Author(s): Jain RK, Baxter LT, Jain RK, Baxter LT
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Abstract The therapeutic efficacy of monoclonal antibodies (MAbs), bound to radionuclides, chemotherapeutic agents, toxins, growth factors, or effector antibodies, depends upon their ability to reach their target in vivo in adequate quantities. Despite the high vascular permeability and interstitial transport coefficients in tumor tissue compared to several normal tissues, MAbs and their fragments do not distribute homogeneously in a tumor. Heterogeneity of tumor-associated antigen expression alone cannot explain this maldistribution of MAbs in tumors. We propose that in addition to the heterogeneous blood perfusion, hindered diffusion in the interstitium, and extravascular binding of MAbs, elevated interstitial pressure is responsible for the poor penetration of MAbs into tumors. Elevated interstitial pressure principally reduces the driving force for extravasation of fluid and macromolecules in tumors, and also leads to an experimentally verifiable, radially outward convection which opposes the inward diffusion. We present here mathematical models for transport of fluid and macromolecules in a tumor. To illustrate the significance of elevated interstitial pressure, these models are used to describe the interstitial pressure, interstitial fluid velocity, and concentration of nonbinding macromolecules as a function of radial position in a uniformly perfused tumor. The key result of these models is that the filtration of fluid from blood vessels in a uniformly perfused tumor is (a) spatially heterogeneous, (b) a result of elevated interstitial pressure, and (c) sufficient to explain the heterogeneous distribution of macromolecules in tumors. Nonuniform blood flow, and extravascular binding would enhance this heterogeneity in the solute distribution considerably. The results of the models also agree with the following experimental data: (a) tumor interstitial pressure is low in the periphery and it increases toward the center of the tumor; (b) the radially outward fluid velocity at the tumor periphery predicted by the model is of the same order of magnitude as measured in tissue-isolated tumors; and (c) immediately after bolus injection, the concentration of macromolecules is higher in the periphery than in the center; however, at later time periods the peripheral concentration is lower than in the center. These results have significant implications not only for MAbs and their fragments, but for other biologically useful macromolecules (e.g., cytokines) produced by genetic engineering for cancer diagnosis and treatment.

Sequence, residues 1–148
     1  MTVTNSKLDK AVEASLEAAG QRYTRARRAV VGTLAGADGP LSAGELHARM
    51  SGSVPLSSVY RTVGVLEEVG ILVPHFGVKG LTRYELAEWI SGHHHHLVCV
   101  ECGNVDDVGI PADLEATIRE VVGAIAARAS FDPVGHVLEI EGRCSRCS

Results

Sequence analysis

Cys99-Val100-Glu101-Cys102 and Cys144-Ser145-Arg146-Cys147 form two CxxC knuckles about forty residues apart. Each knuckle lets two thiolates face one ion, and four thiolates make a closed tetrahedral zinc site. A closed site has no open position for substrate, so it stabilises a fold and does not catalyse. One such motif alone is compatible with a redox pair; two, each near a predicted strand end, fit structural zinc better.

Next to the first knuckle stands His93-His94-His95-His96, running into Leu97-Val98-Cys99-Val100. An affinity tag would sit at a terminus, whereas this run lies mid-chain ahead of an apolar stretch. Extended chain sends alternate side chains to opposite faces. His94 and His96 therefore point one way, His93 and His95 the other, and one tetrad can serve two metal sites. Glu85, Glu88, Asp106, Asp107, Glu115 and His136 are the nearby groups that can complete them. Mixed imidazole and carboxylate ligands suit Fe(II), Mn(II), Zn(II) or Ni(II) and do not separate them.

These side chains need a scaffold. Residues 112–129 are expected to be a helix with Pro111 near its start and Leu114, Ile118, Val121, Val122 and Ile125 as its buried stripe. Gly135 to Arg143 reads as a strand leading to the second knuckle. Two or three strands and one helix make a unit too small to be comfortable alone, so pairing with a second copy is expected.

This article was published in Cancer Res
and referenced in Journal of Cancer Science & Therapy